Some analysts have said Renault needs to sell its stake in Nissan for a merger with FCA to work. Others have said the original deal had identified merger synergies that would save $5.6 billion a year, and that was a big incentive to get a deal done, with anyone. Another victim of the collapse of the deal was the French government’s credibility as a pro-business administration which once favored privatization.

Not everyone thinks Renault would gain much from a merger with FCA.

Uncertain FCA
French consultancy Inovev, which says FCA has an uncertain potential, and it might benefit more than Renault.

“FCA has an incomplete range of models, some of which might have an uncertain future. The Chrysler, Dodge, Lancia and Alfa-Romeo brands are under threat, Fiat exists only through the 500 range, its SUVs and its South American market. Only Jeeps and Rams are sold in large quantities. By partnering with Renault, FCA could, however, have a core range with significant potential linked with the Clio (city car), Captur (small SUV), Megane (family sedan) and Kadjar (mid-size SUV), and a very popular low-cost brand Dacia, a strong presence in Russia and electrical technology, that FCA does not have,” Inovev said in a report.

“The presence of many brands in the newly created group would undermine the coherence of the entire model range, which would require substantial brand trimming. The very large number of plants serving the group could threaten some of them, especially since FCA already suffers from overcapacity, particularly in Europe and South America,” Inovev said.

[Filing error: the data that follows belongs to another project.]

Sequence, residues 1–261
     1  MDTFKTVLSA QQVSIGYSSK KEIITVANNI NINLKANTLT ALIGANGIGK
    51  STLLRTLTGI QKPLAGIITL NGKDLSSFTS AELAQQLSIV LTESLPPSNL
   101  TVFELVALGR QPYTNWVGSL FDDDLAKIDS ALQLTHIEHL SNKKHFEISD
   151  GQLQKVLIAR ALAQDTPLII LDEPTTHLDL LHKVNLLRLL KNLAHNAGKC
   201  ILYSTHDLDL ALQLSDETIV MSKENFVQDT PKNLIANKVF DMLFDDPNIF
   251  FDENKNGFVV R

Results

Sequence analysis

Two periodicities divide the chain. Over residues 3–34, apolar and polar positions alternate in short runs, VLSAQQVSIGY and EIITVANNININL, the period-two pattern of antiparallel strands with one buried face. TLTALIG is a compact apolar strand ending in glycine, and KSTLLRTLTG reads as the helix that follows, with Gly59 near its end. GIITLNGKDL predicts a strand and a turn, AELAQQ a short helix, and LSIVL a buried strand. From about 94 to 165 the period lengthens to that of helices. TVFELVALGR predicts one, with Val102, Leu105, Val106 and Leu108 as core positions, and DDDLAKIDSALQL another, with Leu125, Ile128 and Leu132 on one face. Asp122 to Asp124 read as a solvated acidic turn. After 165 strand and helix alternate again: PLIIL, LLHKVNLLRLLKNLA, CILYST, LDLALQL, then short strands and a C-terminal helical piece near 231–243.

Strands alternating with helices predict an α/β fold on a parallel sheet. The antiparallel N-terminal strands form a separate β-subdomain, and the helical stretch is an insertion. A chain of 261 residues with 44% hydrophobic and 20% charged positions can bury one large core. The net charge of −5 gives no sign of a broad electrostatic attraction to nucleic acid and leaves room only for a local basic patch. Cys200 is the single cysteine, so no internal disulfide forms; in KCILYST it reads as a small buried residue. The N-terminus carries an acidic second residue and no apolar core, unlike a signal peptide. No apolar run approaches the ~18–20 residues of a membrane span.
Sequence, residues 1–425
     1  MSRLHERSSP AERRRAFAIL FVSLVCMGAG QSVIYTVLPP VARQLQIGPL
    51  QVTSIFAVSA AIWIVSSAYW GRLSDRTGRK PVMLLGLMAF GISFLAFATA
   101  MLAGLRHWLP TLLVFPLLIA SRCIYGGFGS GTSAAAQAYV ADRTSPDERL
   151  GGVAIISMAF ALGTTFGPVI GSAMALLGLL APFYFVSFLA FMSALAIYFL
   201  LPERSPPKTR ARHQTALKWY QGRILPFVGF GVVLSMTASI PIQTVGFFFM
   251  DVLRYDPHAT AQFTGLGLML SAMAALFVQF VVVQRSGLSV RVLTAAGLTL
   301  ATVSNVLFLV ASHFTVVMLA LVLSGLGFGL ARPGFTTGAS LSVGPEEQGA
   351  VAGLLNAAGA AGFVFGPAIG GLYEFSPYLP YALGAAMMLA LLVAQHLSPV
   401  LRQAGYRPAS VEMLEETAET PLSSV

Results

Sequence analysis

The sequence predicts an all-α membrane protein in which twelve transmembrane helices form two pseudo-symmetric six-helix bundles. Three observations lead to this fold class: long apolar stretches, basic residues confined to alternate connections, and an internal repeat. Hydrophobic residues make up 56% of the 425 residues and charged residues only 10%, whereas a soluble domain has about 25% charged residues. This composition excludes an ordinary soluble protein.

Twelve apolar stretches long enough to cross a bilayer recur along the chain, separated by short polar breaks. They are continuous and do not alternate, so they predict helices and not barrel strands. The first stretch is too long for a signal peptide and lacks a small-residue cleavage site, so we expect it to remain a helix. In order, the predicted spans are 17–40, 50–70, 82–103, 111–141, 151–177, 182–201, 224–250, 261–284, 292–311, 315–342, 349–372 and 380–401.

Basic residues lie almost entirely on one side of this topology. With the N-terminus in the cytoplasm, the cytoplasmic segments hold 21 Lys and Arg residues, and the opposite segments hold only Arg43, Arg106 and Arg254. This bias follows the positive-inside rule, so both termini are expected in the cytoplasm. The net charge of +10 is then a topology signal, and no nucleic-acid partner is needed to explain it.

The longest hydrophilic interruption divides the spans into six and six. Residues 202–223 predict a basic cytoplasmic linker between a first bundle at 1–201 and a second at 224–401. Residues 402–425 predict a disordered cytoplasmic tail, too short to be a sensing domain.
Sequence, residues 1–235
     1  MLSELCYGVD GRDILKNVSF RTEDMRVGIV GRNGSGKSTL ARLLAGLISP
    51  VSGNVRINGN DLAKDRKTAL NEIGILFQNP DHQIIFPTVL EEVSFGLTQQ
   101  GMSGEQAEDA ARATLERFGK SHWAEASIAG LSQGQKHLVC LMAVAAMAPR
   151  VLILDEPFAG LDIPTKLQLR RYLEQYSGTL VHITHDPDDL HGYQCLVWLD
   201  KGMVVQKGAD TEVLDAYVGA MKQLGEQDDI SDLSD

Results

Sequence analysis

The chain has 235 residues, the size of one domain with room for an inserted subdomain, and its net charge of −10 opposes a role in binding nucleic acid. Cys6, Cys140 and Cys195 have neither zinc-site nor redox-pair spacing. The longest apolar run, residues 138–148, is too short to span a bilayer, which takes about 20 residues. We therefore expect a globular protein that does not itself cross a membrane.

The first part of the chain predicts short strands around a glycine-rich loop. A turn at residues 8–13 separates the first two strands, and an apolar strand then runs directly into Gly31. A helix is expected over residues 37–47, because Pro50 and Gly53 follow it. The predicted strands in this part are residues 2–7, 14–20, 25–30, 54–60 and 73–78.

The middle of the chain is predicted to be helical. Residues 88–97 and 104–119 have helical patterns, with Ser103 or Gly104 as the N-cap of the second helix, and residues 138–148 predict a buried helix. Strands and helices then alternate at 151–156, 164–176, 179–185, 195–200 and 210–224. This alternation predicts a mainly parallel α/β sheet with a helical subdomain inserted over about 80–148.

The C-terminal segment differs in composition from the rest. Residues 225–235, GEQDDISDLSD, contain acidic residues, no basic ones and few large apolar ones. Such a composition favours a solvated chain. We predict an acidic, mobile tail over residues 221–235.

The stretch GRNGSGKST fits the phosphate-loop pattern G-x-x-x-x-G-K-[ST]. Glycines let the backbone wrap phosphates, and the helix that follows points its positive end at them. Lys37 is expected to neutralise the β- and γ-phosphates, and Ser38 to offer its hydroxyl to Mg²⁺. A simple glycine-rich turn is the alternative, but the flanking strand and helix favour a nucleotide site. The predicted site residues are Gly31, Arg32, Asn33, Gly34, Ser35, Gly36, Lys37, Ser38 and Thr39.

But some analysts believe a deal with PSA, with its Peugeot, Citroen and DS brands, is more likely, and point to its record after turning around GM Europe’s chronic loss makers Opel Vauxhall.

German investment bank Nord LB said PSA will have looked at the failed talks with Renault as underlining its greater ability to make synergies with FCA.

PSA covets U.S.
PSA was said to be attracted to FCA because the French company coveted a U.S. presence so it could advance its global ambitions. This was less crucial to Renault because its alliance with Nissan served up big U.S. sales. The French government also owns 13% of PSA Group, but so far has not show any tendency to interfere.

CAR’s Dudenhoeffer said PSA is probably serious about doing a merger deal with FCA.

“I can imagine they (FCA) are in the background discussing with PSA and CEO (Carlos) Tavares already. PSA is looking for a partner, especially for entry into the U.S. It’s a good idea, but we’ll see,” Dudenhoeffer said.

“FCA is not an easy partner for cooperation, but the deal with GM for Opel and Vauxhall shows Tavares was able to make the turnaround. But with Fiat it will be a harder story. Fiat is in deep trouble in Europe and the whole company is heavily dependent on the U.S. and SUVs. It will be hard work, but Tavares can do that. Tavares knows that it is necessary to have a bigger company to share all the high investments necessary to be competitive in the future,” Dudenhoeffer said.